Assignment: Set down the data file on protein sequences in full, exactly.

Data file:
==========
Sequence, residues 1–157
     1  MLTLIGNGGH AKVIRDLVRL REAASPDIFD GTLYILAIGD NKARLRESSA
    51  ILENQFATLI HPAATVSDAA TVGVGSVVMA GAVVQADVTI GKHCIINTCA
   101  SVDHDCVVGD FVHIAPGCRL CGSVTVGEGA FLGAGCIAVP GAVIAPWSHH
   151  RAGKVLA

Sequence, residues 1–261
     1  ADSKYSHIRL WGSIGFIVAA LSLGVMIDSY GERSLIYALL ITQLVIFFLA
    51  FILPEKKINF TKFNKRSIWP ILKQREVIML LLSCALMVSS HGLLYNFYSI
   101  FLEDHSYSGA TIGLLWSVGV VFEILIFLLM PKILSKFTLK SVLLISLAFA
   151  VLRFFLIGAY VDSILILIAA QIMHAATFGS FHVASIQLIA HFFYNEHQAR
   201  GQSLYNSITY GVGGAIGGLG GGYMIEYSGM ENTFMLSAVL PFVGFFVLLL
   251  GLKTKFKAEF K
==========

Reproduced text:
Sequence, residues 1–157
     1  MLTLIGNGGH AKVIRDLVRL REAASPDIFD GTLYILAIGD NKARLRESSA
    51  ILENQFATLI HPAATVSDAA TVGVGSVVMA GAVVQADVTI GKHCIINTCA
   101  SVDHDCVVGD FVHIAPGCRL CGSVTVGEGA FLGAGCIAVP GAVIAPWSHH
   151  RAGKVLA

Sequence, residues 1–261
     1  ADSKYSHIRL WGSIGFIVAA LSLGVMIDSY GERSLIYALL ITQLVIFFLA
    51  FILPEKKINF TKFNKRSIWP ILKQREVIML LLSCALMVSS HGLLYNFYSI
   101  FLEDHSYSGA TIGLLWSVGV VFEILIFLLM PKILSKFTLK SVLLISLAFA
   151  VLRFFLIGAY VDSILILIAA QIMHAATFGS FHVASIQLIA HFFYNEHQAR
   201  GQSLYNSITY GVGGAIGGLG GGYMIEYSGM ENTFMLSAVL PFVGFFVLLL
   251  GLKTKFKAEF K